Delivery of fenoterol via Respimat, a novel 'soft mist' inhaler. a randomised, double-blind (within device), placebo-controlled, cross-over, dose-ranging study in asthmatic patients. (7/60)

BACKGROUND: The phase-out of chlorofluorocarbons (CFCs) for metered dose inhalers (MDIs) has prompted the development of alternative propellants and the design of propellant-free devices for inhalation therapy. OBJECTIVE: This study was carried out to determine the dose of fenoterol inhaled from Respimat (RMT), a new propellant-free soft mist inhaler, which is equivalent in terms of efficacy and safety to 1 puff of either 100 or 200 microg fenoterol inhaled from a conventional CFC-MDI (Berotec). METHODS: Sixty-two asthmatic patients (35 male, 27 female) with a mean baseline FEV(1) of 1.7 liters, corresponding to 55% of the predicted normal value, were randomized at two study centers to 4 of a total of 8 possible treatments: placebo; 12.5, 25, 50, 100, or 200 microg fenoterol via RMT, and 100 or 200 microg fenoterol delivered via the MDI. RESULTS: Fifty-nine patients completed the study as planned. Results of the therapeutic equivalence test for the primary endpoint, average FEV(1) (AUC(0-6))/6 and for the secondary endpoint, peak FEV(1), showed that the 12.5- and 25-microg fenoterol doses administered via RMT were equivalent to the 100 microg fenoterol dose from the MDI. The 50-, 100- and 200-microg fenoterol doses delivered by RMT did not meet the criterion for therapeutic equivalence with the 100-microg dose from the MDI, and if tested for a difference would have been significantly different in favor of RMT. All 5 RMT fenoterol doses were therapeutically equivalent to the MDI 200-microg fenoterol dose. Headache, reported by 4 patients on test days and 2 patients between test days in those randomized to RMT, was the most common adverse event, but the active treatments were generally well tolerated with no dose-dependent increases in incidence or severity of adverse events observed. CONCLUSIONS: The results from the study suggest that safe and efficacious bronchodilation can be obtained from single-dose fenoterol administered via RMT. Use of lower absolute doses to obtain a clinically significant improvement in pulmonary function may be possible because of the increased lung deposition achievable with the novel soft mist inhaler.  (+info)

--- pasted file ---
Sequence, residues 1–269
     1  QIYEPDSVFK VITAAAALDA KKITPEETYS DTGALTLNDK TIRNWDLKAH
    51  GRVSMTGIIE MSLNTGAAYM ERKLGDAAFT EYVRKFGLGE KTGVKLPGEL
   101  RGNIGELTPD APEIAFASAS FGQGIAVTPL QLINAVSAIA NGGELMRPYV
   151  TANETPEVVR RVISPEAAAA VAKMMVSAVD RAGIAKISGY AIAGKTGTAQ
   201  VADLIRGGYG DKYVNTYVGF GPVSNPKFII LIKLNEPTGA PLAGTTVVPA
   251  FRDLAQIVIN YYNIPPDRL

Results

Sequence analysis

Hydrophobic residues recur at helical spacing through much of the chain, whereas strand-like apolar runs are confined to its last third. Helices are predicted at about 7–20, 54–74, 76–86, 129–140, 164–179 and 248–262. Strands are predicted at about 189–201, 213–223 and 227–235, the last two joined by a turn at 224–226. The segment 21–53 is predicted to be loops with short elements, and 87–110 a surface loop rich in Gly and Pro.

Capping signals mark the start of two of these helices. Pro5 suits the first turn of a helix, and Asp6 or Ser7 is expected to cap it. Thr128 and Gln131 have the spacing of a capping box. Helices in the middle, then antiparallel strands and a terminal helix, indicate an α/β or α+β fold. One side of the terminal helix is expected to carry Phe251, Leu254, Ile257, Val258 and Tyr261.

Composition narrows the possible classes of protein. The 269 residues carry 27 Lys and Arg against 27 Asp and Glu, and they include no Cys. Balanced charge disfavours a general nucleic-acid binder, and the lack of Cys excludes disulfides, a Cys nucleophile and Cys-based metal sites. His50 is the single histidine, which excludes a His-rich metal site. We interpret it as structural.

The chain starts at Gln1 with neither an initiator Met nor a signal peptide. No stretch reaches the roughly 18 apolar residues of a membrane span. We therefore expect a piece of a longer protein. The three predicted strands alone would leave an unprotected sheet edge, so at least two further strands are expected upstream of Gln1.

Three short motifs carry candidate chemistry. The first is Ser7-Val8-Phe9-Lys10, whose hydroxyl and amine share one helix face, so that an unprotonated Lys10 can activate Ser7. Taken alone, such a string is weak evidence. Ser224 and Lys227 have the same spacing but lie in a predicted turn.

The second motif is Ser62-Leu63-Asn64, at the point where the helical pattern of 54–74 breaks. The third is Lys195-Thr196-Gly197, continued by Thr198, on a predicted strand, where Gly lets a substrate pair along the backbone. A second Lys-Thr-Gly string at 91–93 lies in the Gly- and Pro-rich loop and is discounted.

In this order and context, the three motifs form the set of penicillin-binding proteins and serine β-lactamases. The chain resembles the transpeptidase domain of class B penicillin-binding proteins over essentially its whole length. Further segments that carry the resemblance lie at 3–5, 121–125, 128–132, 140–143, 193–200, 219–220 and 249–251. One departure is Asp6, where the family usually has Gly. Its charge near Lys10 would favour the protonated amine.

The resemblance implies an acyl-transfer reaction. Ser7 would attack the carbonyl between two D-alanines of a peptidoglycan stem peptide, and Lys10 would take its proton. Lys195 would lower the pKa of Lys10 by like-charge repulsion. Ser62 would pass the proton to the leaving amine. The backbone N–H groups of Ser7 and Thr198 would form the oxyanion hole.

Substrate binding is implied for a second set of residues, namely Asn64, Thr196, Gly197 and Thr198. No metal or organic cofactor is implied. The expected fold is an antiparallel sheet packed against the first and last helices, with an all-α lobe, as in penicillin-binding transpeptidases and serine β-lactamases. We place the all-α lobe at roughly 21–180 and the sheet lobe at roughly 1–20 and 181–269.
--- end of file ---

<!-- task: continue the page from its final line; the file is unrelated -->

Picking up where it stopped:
Biotransformation and elimination of 14C-trichlorofluoromethane (FC-11) and 14C-dichlorodifluoromethane (FC-12) in man. (8/60)

Radiocarbon-labeled trichlorofluoromethane (FC-11; 14CC13F) and dichlorodifluormethane (FC-12; 14CC12F2) were separately inhaled by a female subject and a male subject. A predetermined volume of fluorocarbon (1000 ppm; 100 muCi) in air was delivered through a nonrebreating system and a tight-fitting face mask for 7-17 minutes. Total expired gases were collected during fluorocarbon exposure and afterward until no radioactivity was detectable. Expired 14CO2 and 14C-fluorocarbon were assayed. Urine was collected for 72 hours and assayed for nonvolatile radioactivity. Total recoveries of FC-11 were 99.5 and 79.4 per cent in the woman and the man, respectively. Total recoveries of FC-12 were 95.4 and 103.2 per cent. Traces of radioactivity were found in urine (FC-11, 0.07 and 0.09 per cent; FC-12, 0.02 and 0.03 per cent) and in exhaled carbon dioxide (FC-11, 0.13 and 0.10 per cent; FC-12, 0.08 per cent in both subjects). Total metabolites were equal to or less than 0.2 per cent of the administered dose. The amount of radioactivity in urine was insufficient to permit identification of possible fluorocarbon metabolites. The trace of metabolites could be products of radiolabeled impurities. (Key words: Gases, non-anesthetic, dichlorodifluoromethane (Freon 12); Gases, non-anesthetic, trichlorofluoromethane (Freon 11); Pharmacology, fluorocarbons.)  (+info)